Jennifer Richards, September 7, 2001

NOAA Teacher at Sea
Jennifer Richards
Onboard NOAA Ship Ronald H. Brown
September 5 – October 6, 2001

Mission: Eastern Pacific Investigation of Climate Processes
Geographical Area: Eastern Pacific
Date: September 7, 2001

Latitude: 24° 3.063 N
Longitude: 112° 11.4 W
Temperature: 26.1°C
Seas: Sea wave height: 3-4 feet
Swell wave height: 4-6 feet
Visibility: 10 miles
Cloud cover: 3/8
Water Temp: 27.7°C

Science Log: Research has not yet started. The scientific crew was notified in a ship briefing that they are not allowed to gather and record data until the ship leaves Mexican waters.

Each day during this trip I will highlight one of the research groups on the ship and introduce you to the science they are doing. Today I met with the group from the University of California at Santa Barbara- Dr. Carter Ohlmann and Dave Menzies. These guys are studying the variations in ocean radiant heating, or in simpler terms, the amount of light in the ocean at different depths.

Imagine a nice clear swimming pool. The sun’s heat energy can penetrate all the way to the bottom of the pool because the water is so clear. Whatever heat energy hits the pool will be dispersed throughout the water somewhat evenly. Makes sense, right?

Now imagine that the pool has a layer of scum and algae at the top. Face it, you just haven’t done a very good job at cleaning the pool, and your allowance just isn’t big enough to make the job worthwhile. Now, the sun’s heat energy can’t pass all the way to the bottom of the pool because the scum is blocking the light. The very top of the pool water is going to capture almost all of the sun’s heat energy, and the bottom layers of water will be darker and colder.

The ocean has lots of “stuff” in it, right? Fish, whales, coral, seaweed… All plants, whether in the ocean or on land, contain a substance called “chlorophyll.” Chlorophyll is the substance that makes plants green. If you can detect chlorophyll in the ocean, you are detecting plant material- mostly in the form of algae. If the water appears green, it has a lot of algae, if it appears mostly blue with a little green, it has a little algae. Dr. Ohlmann and Mr. Menzies have special piece of equipment, called an SPMR, that can measure the exact “color” of the ocean. The water and chlorophyll in the ocean absorb and reflect solar energy, or light, and these scientists want to know how much of the sun’s heat energy is being absorbed and reflected at various depths in the ocean. In other words, how does the sun heat the ocean?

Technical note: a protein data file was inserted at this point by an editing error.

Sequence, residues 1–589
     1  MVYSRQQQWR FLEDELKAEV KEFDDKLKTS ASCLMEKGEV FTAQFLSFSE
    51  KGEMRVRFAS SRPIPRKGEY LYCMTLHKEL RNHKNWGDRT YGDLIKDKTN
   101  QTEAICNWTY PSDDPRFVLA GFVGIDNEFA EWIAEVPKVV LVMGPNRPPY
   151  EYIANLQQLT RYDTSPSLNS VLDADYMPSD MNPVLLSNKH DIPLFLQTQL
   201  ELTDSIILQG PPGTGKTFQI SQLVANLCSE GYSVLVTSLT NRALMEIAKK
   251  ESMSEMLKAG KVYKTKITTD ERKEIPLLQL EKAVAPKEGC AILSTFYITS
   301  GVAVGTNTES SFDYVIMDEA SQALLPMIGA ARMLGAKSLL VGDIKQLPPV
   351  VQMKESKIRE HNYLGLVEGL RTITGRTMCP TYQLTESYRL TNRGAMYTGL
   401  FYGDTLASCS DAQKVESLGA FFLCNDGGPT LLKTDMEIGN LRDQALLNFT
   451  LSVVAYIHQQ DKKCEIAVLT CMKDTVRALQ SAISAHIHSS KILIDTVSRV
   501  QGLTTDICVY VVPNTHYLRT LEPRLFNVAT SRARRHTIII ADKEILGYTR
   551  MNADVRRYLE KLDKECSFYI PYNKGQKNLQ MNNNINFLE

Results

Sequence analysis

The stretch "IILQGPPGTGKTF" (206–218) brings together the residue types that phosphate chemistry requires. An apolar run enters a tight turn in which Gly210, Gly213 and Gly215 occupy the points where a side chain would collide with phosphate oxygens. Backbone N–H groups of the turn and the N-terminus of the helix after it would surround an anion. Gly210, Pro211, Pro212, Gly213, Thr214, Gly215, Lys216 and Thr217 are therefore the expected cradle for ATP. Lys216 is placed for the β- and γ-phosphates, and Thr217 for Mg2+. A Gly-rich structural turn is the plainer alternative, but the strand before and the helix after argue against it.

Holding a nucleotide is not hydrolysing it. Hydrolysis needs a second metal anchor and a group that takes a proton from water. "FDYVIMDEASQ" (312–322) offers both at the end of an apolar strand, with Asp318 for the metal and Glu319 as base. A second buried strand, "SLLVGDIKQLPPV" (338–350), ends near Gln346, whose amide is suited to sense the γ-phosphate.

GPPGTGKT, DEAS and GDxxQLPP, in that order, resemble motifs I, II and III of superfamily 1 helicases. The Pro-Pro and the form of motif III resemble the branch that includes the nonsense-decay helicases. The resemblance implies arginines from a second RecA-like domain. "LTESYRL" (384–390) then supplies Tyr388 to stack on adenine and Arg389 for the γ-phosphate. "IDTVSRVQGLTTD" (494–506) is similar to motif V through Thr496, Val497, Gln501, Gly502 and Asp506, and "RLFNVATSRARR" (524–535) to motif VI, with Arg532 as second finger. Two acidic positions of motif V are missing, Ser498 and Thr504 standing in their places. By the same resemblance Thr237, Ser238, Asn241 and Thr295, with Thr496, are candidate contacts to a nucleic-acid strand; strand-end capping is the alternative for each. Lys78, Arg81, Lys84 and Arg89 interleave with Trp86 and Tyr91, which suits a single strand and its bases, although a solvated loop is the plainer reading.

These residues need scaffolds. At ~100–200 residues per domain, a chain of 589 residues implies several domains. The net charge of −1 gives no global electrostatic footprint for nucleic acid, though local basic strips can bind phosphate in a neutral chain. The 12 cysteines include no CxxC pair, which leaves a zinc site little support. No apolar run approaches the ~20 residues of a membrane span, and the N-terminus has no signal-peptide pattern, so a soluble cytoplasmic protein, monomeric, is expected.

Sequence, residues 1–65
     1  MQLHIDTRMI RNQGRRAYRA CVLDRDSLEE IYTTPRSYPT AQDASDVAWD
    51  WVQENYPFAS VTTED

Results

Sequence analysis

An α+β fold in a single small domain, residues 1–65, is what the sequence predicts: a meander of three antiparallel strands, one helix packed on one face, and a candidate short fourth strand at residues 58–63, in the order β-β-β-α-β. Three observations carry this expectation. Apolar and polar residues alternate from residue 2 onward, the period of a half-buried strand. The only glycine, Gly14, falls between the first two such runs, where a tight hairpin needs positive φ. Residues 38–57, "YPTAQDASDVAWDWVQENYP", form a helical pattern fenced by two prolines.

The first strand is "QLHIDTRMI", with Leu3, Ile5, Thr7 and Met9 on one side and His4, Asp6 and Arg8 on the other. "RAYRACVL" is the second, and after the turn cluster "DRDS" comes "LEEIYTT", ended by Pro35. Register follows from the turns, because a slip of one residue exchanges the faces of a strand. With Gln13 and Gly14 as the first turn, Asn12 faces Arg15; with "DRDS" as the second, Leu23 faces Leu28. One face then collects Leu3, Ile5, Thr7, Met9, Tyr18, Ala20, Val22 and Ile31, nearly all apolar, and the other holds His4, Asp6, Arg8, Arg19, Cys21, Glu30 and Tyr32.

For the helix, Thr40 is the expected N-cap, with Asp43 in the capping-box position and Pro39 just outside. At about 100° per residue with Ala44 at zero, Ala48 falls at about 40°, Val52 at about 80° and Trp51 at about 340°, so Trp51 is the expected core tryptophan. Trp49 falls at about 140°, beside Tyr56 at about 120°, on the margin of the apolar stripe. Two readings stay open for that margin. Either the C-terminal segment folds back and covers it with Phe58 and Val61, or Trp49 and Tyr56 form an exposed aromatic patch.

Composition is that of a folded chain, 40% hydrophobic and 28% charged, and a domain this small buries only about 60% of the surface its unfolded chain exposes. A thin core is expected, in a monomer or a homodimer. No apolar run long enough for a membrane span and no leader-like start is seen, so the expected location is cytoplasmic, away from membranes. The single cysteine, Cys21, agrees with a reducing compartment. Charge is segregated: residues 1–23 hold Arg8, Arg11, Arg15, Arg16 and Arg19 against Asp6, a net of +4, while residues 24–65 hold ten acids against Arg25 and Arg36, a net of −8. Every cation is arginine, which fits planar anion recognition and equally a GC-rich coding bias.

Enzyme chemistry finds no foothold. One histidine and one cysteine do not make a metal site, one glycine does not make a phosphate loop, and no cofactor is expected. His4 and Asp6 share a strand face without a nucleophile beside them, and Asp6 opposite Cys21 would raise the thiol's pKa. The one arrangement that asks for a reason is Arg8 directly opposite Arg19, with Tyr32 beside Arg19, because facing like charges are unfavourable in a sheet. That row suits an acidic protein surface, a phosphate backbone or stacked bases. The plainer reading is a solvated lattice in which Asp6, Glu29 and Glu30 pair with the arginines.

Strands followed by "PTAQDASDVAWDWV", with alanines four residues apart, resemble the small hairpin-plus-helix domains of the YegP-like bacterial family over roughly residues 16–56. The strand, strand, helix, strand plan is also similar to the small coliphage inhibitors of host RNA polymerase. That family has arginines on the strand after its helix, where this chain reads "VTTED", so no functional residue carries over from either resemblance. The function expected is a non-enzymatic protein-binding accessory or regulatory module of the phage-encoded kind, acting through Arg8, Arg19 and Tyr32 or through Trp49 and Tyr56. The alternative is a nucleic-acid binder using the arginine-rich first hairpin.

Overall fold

Aren’t there satellites that can accomplish the same task as what is being done on the ship? Well, there is a NASA satellite in space called “SeaWiFS” (Sea viewing Wide Field-of-view Sensor) that measures different wavelengths of light being reflected from the surface of the ocean, and it can determine how much blue and green is there. Remember, the more green that is present, the more algae that is present. But satellites are viewing the ocean from so far away, and they have to make lots of adjustments for the amount of light in the atmosphere. If it’s cloudy or foggy, it can be impossible for the satellite to see the ocean. Since Dr. Ohlmann and Mr. Menzies are right here at sea level, they can measure the amount of green and blue in the water at the surface, and at various depths in the ocean. For comparison, they also measure the light near sea level, by installing sensors on a large tower on the bow of the ship.

Why does anyone care about all this? There are lots of scientists around the world who try to model different aspects of climate. The computer models make certain assumptions about how heat circulates between the ocean and the atmosphere. Since any large body of water can have a profound affect on the land nearby, it is important that the climate models be accurate. The data being collected and analyzed by Dr. Ohlmann and Mr. Menzies will improve the accuracy of air-sea heat exchange in climate computer models.

Travel Log: You may have noticed from the sea data above that the wave height is larger today than it was yesterday. A satellite image on the bridge shows hurricane Henrietta in the area, which accounts for the swell we feel. The ship is rocking quite a bit, making it difficult to walk around too much, but I seem to have acquired my “sea legs” and the rocking isn’t making me sick. Hmmm, in a cartoon drawing, what would sea legs look like? Let me know if you have any ideas.

There’s not a lot of entertainment on the ship. If the weather is nice you can go out on deck and watch the flying fish. A lot of people have books and computers to play with when their shift ends. The only form of organized entertainment are the movies shown each night in the lounge. Just make sure you bundle up, because the lounge, and most indoor areas of the ship, are freezing! The air conditioning inside the ship keeps the temperature very low so that the millions of dollars of electronics equipment on board is safe from heat damage.

Question of the day: What is the difference between sea wave height and swell wave height?

Photo Descriptions: Today’s photos show Dr. Ohlmann and Mr. Menzies at work in the ship’s lab. The rocket-looking device they are holding is the SPMR mentioned in the Science Log above. The tower at the bow of the ship contains sensors that will measure the wavelength of light in the atmosphere at sea level. The large apparatus with the long cylinders is a CTD, which measures the conductivity (salinity), temperature, and depth of water samples.

Keep in touch,


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